Television of the Future
The first broadcasting company (CBS) was founded in 1928. Television has come a long way since then, and is growing faster and faster with each passing year. You may not realize it, but all of these new technologies that keep consumers scrambling to shelves year after year are the result of something bigger. We are in a transitionary period for television technology, and in ten years time it is likely that you will see your current set as nothing more than a bulky piece of obsolete technology.
Future Television Screen Technology
For the past several years, people have debated over their favorite television screen technologies. LED? LCD? Plasma? Or perhaps you're a fan of the projector screen, if you have the right environment.
Hitting the shelves soon is a whole new contender, the organic LED (OLED) screen. These screens have been used in the most display-centric smartphones for a while now, and LG has already begun to sell TVs using this technology in certain countries.
Organic LED screens are more energy efficient than LCD screens and they operate without a backlight, allowing them to create the deepest levels of black while remaining thinner and lighter than any other screen technology on the market. Meanwhile, Samsung is working on their own new OLED TV's utilizing a curved screen. If you are lucky, you may be familiar with this "curved screen" technology, found in certain theaters such as the Cinerama in Seattle. The purpose of such a curvature is to help avoid the "pincushion" effect found when sitting to the far right or left of the screen.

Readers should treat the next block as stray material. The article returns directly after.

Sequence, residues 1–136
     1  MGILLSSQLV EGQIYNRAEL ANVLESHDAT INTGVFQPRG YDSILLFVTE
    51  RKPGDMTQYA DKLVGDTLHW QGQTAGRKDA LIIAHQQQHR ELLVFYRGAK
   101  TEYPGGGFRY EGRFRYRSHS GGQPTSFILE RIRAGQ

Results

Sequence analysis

The next step in television evolution beyond OLED technology will naturally be the long awaited surface screen technology. It is likely that OLED screens will be the precursor to this technology, placing OLED film over our mirrors and on counter tops. In other words, we may only be one step away from what only a few years ago we still saw as nothing more than science fiction...
As internet speeds skyrocket into the unnecessarily fast, streaming media is becoming commonplace. Many of us haven't paid a bill for television in a long time...and we still get to see all the best shows as fast as anyone else.
For now, streaming everything isn't quite for everybody. You have to know where to look, and get your media from a variety of sources. (I utilize Netflix, Amazon, a Roku, PlayOn, and a variety of websites for my streaming needs) These things grow in popularity however, and the only thing holding them back is the all consuming dollar.
Enter Smart TV's. Many sets now come with some sort of "smart" technology, but most often go unused. Corporations will not make it "easy" for us to stream everything we want until they can figure out how to cash in on it. As it stands now, the savvy consumer can watch anything and everything they want for free. It just requires a bit of tech knowledge, and the effort to make it happen.
The next big step in media streaming technology will be to combine Smart TV technology with our ability to access all the video we want. Roku is on the forefront of this fight. By providing consumers with channels that allow us to access everything we could possibly want to watch with a simple click of the button, they will then be able to charge us for exactly that. You might still be able to utilize all the techy workarounds and watch everything for free, but history has proven that the masses will pay for convenience.
More by this Author
If you've got a penchant for pressing the gas pedal a little too far, then a speeding ticket is an inevitable pain in the butt. On the bright side, fighting and beating speeding tickets in Washington State is a lot...
The 90's were a decade of heroine induced musical oddity. While great music still exists today, nothing will replace the sound and soul 90's music.
We experience many Boyle's law applications in real life every day. Most people don't know it, but an example of Boyle's law is responsible for every moment we are alive. Go science!
No comments yet.